Friday, August 26, 2016

Testing, testing. Experimenting with colour control.

I've been learning more about the controls on my camera. (There are so many, and the manual is so confusing!) An article on Digital Photography School alerted me to the Picture Control settings, and I've been experimenting with them. The author recommends using a Flat setting for landscapes; it reduces blowouts or too dark areas, but needs careful processing later.

I took a few photos on Flat. They turned out flat. There was too much guesswork involved on tiny things where I didn't already know what colours they should be.

I switched back to Standard, and then, on a whim, to Vivid. This setting emphasizes colours and contrast, not really my style in landscapes, especially the grey-green landscapes of the Pacific Northwest. But it never hurts to experiment.

I turned to the aquarium; here, a vivid setting might help. Colours fade underwater, especially when the photo is taken through algae-covered glass. And here are the first sample shots, some good, some not so good.

A mud snail, Batillaria attramentaria, eating algae off the glass. Lightened, background noise despeckled out, and sharpened.

A grainy hand hermit, Pagurus granosimanus. The vivid setting shows up the blue bumps on his legs and chelipeds.

A carnivorous snail eating an inoffensive algae eater. I saw it first on the glass, prying the tiny snail off. Once the little guy was captured, the predator let go and dropped to the sand.

A nude hermit, recently molted, resting before he goes looking for a new shell. This was well back in the tank, where usually everything is greyed out. Post processing was only needed to reduce noise and sharpen.

Turned around and heading down to look for a shell. Despeckled and sharpened only.

And one photo that didn't quite work:

Orange-striped green anemone, Halliplanela lineata, on the glass.

The anemone was surrounded by extreme pollution; bubbles and swimming thingies, luckily behind the critter, but still confusing. The vivid setting highlighted them all, so the background had to be cropped out and re-worked; a long, slow job. But I'm impressed by the pattern in the base, so I've included the photo.

I went to Brown's Bay in the sunshine, with the camera set to Vivid. Bad idea; I've deleted all of the landscape photos. But I got a few critters under the docks, where the setting seems to have been helpful. I'll process those tomorrow.


  1. Can your camera shoot in RAW? That might be a better workflow for you. That way, the camera won't have the opportunity to mess up a moment with the wrong colour settings. For instance, vivid applied successfully to one shot might oversaturate the next photo. I always forget to reset the settings if I change the scene, so I might ruin a bunch of subsequent photos.

    Also, I distinguish between "normal" photos and ones I'll publish... I only amp up the saturation and contrast on those that will be published, for fear of raising my normal perceived baseline of colour.

    1. The vivid setting for underwater helps me to see the possibilities, where normally I would be too cautious about increasing contrast or saturation, not wanting to end up exaggerating too much. I'm more likely to tone the photos down in post-processing.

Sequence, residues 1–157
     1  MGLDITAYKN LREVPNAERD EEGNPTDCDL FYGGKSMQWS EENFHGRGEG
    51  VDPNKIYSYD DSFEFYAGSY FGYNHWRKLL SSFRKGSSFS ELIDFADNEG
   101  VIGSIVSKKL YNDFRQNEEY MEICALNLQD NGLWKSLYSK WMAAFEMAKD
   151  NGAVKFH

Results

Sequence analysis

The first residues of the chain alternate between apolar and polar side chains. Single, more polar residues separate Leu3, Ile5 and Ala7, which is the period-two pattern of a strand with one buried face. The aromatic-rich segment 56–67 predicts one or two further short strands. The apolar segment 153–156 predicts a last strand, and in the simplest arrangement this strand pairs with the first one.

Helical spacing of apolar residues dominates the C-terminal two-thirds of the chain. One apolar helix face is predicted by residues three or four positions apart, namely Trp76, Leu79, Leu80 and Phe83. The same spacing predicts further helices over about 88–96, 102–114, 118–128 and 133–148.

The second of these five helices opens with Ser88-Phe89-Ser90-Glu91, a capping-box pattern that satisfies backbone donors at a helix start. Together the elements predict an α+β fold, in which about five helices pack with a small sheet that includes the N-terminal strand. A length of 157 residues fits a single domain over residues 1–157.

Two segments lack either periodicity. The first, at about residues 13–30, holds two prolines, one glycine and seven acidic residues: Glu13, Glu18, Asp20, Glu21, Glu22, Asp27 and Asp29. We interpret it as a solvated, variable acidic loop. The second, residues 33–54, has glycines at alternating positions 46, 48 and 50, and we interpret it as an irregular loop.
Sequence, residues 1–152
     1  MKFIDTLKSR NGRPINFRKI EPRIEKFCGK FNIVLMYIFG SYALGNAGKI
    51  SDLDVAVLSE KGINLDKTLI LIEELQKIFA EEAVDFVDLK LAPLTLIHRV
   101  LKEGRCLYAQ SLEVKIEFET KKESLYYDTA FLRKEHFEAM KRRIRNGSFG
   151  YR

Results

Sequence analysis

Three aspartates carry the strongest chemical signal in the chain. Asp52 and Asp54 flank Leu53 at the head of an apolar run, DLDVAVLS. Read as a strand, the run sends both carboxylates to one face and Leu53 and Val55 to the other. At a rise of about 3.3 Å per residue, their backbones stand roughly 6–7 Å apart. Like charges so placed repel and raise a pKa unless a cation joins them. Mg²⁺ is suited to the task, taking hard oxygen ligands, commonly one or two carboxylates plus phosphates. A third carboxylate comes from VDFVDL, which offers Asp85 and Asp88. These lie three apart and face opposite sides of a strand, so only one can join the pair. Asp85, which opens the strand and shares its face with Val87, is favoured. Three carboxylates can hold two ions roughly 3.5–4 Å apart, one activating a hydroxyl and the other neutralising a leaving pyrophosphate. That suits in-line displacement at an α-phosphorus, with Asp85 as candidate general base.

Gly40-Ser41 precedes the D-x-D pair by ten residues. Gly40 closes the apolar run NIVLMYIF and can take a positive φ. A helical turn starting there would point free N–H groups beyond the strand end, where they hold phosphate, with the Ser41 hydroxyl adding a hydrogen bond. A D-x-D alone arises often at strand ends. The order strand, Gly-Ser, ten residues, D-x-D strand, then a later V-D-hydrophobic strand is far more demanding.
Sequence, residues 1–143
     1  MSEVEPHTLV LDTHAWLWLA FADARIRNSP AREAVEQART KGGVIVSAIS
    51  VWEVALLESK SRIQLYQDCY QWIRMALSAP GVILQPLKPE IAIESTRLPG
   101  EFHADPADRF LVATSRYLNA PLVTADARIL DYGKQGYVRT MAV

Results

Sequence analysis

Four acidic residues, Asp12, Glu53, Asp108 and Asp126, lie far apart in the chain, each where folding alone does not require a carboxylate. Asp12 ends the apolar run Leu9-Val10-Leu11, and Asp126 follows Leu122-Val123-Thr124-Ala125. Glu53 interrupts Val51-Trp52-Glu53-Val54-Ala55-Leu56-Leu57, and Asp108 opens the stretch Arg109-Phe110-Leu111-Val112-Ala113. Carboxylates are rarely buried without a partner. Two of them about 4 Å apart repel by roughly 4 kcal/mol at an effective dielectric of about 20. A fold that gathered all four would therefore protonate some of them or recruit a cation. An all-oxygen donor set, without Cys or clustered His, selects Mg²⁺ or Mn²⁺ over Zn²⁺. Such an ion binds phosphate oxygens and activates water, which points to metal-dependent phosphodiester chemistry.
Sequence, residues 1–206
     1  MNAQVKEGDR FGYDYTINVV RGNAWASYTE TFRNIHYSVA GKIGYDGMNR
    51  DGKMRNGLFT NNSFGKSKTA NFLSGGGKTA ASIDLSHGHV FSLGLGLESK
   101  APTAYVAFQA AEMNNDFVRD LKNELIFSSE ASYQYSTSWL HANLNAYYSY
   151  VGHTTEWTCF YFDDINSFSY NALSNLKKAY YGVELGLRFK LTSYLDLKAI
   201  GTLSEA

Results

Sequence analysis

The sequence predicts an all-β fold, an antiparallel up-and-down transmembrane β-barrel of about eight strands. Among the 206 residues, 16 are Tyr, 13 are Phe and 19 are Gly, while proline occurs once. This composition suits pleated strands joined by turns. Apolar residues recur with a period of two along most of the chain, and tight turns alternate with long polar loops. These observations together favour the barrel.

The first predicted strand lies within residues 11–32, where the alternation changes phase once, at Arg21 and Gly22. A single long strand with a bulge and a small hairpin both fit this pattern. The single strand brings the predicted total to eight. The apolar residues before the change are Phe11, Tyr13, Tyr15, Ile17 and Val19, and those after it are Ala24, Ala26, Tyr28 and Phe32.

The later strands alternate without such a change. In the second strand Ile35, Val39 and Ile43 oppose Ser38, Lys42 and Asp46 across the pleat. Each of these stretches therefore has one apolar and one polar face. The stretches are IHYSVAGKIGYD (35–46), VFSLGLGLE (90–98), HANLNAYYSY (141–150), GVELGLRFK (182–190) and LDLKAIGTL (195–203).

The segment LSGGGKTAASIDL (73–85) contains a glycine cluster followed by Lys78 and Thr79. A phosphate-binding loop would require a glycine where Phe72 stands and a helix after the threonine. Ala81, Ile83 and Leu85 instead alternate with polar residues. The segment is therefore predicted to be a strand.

2. These settings are made for shooting in RAW. The "Flat" setting, especially, needs processing to bring out the colours and contrast, according to taste. It captures data even in those bits that would normally have been blown out or too black, so it can be recovered.

    I shoot everything in RAW and jpeg, but use the jpegs only as the first step in weeding out the worst shots. Then I delete them all and process the rest in RAW. So it's usually easy to correct white balance and tone down photos that don't ring true.

    About raising the baseline; I see that in a lot of landscape photos. It looks as if the photographer barely looked at the landscape in the wild; everything is too bright, too clean, too intense. I try as far as I can to keep to what I actually saw.

  3. Ah, so the Vivid setting actually affects the Raw? I would not have expected that. I'll have to test that on my Canon.

    1. As I understand it, the camera always manipulates the RAW data somewhat. These settings just adjust the criteria for the adjustment. But it can always be tweaked back in post-processing.
      This might help to explain:

  4. Canon calls them Picture Styles.

  5. Thanks for the link, though that seems to merely confirm what I suspected : "Picture Styles can be set on the camera and applied to JPEG images processed in the camera, or you can choose the style when you process RAW images". It is part of the post processing. The Nikon blurb is a little more vague, but my interpretation of the language is that Picture Control is applied after RAW capture. Since you are seeing something contrary to that, my interpretation must be wrong. I'll do some tests to validate the Canon behaviour.

  6. I think you're right. The camera captures the data in RAW. Then it presents it to me with the preset I've chosen. From there, I can reverse the effect in post processing, or tweak it a bit, or run with it as presented. From what I read, I could choose Vivid, then in post, cancel that and re-apply flat or standard, for example. Sort of what I do anyhow, but always have been working from Standard, which is already a modification of the raw data, and dialing it up or down to suit.

  7. Sounds like both of us are right then!


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